30 Airlines That No Longer Exist from Pan Am and TWA to Wow Air and Hooters

Grumman G-21 Goose in Pan Am livery, ca. 1939 at the Pan Am Museum

By Jonathan Spira on 2 April 2019
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In the past year or so, several airlines have gone out of business although none of them was a major player on the world’s airline stage. Wow Air, which ceased operations two weeks ago, and Primera, which shut down last October, had offered fares reminiscent of what People Express offered in the 1980s, namely $99 fares to Europe. Clearly that wasn’t and isn’t a sustainable business model.

But those carriers were merely a blip on the radar compared to airlines that shaped the future of air travel from the very beginning and no longer exist. Storied names such as Pan Am and TWA still evoke the glamour of travel that for many is only a distant memory.

The Airline Deregulation Act of 1978 led to a wave of failures and takeovers in the industry, which accounts for many of the airlines’ presence in this article.

Some airlines were acquired by others, such as Virgin America, while others – Delta and Northwest come to mind – merged with the competitors to form what essentially was a new airline. Here’s a look at some of the most important airlines in aviation history and what happened to them.

The TWA Hotel's Lockheed Constellation

The TWA Hotel’s Lockheed Constellation


Pan Am, perhaps the most storied name in aviation and which ushered in the Jet Age to the world in the 1960s and introduced the Boeing 747 Jumbo Jet in the 70s, occupies a unique role in history as having changed how people travel multiple times, going back to its earliest days.  With red ink growing as early as 1980, Pan Am began a slow but steady sale of its assets, starting with the Pan Am Building, above Grand Central Terminal, to MetLife, its Intercontinental Hotels subsidiary in 1981, and four years later, its Pacific Division to United Airlines.  After the 1988 bombing of Flight 103 over Lockerbie, and a spike in oil prices, it sold the Pan Am Shuttle to Delta in 1990 and its London routes to United Airlines.  An attempt to stay alive as a smaller entity failed and the airline was ultimately forced to cease operations on December 4, 1991.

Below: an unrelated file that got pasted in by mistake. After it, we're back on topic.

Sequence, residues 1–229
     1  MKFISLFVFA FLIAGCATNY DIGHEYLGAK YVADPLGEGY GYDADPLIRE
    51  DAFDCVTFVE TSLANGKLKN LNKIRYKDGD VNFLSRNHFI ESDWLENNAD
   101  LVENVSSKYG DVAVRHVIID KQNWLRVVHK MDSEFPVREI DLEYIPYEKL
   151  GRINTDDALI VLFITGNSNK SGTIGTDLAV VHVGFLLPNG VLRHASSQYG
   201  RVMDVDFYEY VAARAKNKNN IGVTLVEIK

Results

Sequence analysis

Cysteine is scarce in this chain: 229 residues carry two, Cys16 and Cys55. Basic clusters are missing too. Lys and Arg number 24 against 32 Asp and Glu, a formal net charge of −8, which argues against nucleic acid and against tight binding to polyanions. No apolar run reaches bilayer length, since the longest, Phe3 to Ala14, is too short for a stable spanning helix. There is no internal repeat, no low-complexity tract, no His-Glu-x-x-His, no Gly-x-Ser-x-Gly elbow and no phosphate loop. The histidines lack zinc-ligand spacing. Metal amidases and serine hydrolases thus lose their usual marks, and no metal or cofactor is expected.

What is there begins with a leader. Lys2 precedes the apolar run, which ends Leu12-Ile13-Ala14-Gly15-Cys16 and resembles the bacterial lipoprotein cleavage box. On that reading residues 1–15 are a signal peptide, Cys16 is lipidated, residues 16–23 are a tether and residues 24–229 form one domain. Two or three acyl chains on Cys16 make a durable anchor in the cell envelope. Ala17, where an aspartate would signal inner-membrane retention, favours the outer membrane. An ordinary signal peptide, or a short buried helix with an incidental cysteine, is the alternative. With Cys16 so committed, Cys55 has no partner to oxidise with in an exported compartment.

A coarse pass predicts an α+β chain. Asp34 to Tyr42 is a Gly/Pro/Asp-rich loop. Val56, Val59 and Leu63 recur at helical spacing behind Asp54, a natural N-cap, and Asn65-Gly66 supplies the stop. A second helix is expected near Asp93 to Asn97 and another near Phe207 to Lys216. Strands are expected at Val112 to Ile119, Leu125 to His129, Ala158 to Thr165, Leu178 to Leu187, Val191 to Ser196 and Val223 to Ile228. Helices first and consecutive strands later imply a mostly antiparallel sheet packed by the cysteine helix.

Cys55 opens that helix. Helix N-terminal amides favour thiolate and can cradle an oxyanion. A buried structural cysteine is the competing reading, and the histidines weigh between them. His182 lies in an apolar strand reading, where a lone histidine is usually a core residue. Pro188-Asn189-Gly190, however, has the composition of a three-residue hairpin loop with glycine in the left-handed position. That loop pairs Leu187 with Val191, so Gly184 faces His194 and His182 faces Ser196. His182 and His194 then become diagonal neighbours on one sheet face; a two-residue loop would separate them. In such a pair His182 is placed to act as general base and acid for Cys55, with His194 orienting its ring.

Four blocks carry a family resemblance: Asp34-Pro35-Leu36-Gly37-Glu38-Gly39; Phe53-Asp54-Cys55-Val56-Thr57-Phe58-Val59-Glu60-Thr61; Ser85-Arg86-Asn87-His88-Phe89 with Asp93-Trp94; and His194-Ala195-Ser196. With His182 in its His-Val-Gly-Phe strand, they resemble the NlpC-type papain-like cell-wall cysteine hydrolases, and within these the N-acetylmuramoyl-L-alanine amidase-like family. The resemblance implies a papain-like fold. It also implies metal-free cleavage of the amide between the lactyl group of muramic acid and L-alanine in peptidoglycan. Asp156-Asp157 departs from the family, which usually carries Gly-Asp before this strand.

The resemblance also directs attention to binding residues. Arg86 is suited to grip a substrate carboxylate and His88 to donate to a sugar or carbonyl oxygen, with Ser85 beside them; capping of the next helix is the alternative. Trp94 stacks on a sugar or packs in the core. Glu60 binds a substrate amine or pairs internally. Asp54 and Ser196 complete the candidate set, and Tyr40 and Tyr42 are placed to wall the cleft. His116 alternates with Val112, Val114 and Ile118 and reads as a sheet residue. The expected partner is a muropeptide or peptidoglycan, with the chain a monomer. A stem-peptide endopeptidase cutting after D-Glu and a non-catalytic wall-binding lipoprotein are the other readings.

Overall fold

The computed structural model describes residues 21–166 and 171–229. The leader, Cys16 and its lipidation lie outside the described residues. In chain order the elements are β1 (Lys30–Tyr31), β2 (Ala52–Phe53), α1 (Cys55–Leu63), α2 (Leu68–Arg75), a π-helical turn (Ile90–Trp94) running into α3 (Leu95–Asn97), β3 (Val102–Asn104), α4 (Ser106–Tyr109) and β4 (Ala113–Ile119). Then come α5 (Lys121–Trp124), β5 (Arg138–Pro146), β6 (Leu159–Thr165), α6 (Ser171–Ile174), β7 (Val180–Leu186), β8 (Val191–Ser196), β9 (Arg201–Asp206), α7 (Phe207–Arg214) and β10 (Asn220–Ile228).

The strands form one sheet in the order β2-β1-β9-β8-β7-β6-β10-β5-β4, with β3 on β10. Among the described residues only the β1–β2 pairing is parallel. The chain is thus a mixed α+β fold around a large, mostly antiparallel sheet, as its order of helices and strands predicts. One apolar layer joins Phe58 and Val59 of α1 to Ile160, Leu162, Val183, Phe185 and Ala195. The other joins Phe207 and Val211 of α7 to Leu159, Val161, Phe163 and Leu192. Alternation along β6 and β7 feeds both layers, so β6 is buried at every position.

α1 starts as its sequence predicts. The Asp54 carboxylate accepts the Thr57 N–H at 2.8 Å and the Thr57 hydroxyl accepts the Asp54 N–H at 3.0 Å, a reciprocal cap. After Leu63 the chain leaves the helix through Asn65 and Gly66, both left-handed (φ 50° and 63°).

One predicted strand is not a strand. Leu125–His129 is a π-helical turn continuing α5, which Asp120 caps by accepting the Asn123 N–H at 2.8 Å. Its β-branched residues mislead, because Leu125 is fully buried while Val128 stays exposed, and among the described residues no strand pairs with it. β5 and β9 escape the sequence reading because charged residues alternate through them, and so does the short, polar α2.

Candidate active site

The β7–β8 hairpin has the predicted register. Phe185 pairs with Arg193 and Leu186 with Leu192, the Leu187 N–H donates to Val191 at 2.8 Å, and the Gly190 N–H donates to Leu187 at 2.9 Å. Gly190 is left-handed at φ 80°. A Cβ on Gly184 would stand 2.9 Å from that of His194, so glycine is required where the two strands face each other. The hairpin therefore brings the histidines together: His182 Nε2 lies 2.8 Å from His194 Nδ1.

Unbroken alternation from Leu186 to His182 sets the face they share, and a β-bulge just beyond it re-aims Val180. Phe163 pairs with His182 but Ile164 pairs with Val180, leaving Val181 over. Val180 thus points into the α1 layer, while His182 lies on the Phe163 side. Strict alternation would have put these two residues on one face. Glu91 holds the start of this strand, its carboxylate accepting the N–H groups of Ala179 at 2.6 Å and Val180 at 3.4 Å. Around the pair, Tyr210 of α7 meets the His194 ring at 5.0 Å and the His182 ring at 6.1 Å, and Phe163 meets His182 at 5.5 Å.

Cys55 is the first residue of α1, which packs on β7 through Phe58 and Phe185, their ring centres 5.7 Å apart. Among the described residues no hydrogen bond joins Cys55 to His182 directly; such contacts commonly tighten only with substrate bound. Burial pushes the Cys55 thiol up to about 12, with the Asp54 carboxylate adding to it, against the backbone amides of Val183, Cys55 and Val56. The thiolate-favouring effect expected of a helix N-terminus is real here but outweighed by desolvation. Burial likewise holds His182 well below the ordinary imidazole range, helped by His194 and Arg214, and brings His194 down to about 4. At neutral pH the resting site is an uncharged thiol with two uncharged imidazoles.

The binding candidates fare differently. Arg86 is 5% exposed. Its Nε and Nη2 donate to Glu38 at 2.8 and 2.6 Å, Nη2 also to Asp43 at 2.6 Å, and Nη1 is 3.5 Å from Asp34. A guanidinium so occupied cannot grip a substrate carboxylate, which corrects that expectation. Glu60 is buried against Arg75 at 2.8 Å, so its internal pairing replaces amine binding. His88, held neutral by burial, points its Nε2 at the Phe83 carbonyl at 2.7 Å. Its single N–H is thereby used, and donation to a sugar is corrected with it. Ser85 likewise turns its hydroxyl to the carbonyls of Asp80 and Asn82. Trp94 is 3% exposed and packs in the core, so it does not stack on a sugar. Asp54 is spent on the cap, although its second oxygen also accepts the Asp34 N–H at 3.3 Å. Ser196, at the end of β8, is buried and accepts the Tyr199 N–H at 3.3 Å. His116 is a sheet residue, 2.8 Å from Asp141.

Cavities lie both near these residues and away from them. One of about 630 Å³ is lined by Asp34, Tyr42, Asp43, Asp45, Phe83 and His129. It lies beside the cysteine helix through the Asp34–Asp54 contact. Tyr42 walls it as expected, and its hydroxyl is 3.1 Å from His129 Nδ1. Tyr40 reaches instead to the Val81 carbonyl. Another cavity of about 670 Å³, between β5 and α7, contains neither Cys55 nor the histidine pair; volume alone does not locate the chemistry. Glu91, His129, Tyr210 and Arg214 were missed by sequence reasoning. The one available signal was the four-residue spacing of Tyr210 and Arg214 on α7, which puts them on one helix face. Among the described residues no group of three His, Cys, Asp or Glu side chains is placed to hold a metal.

Trans World Airlines, or TWA, began operations in 1927 and, by 1930, was one of the so-called “Big Four” airlines in the United States, along with American, Eastern, and United. Under a Carl Icahn-engineered leveraged buyout that took place in 1988, TWA became saddled with debt and underwent bankruptcy several times. Unable to continue operations, the airline negotiated a deal with American Airlines for it to acquire some of TWA’s assets in bankruptcy without actually acquiring the airline.

Eastern Air Lines was founded in 1926 and enjoyed a near monopoly on flights between New York and Florida from the 1930s through the 1950s. The company strained under labor disputes and high debt in the late 1970s and 1980s, especially after the airline was acquired by Frank Lorenzo in 1985. Lorenzo transferred many of the airline’s assets to his other airlines including Continental and Texas Air. Eastern eventually ran out of money by 1991 and went into liquidation.

Click here to continue to Page 2Braniff, Transaero, Air Berlin, and Other Failed Airlines

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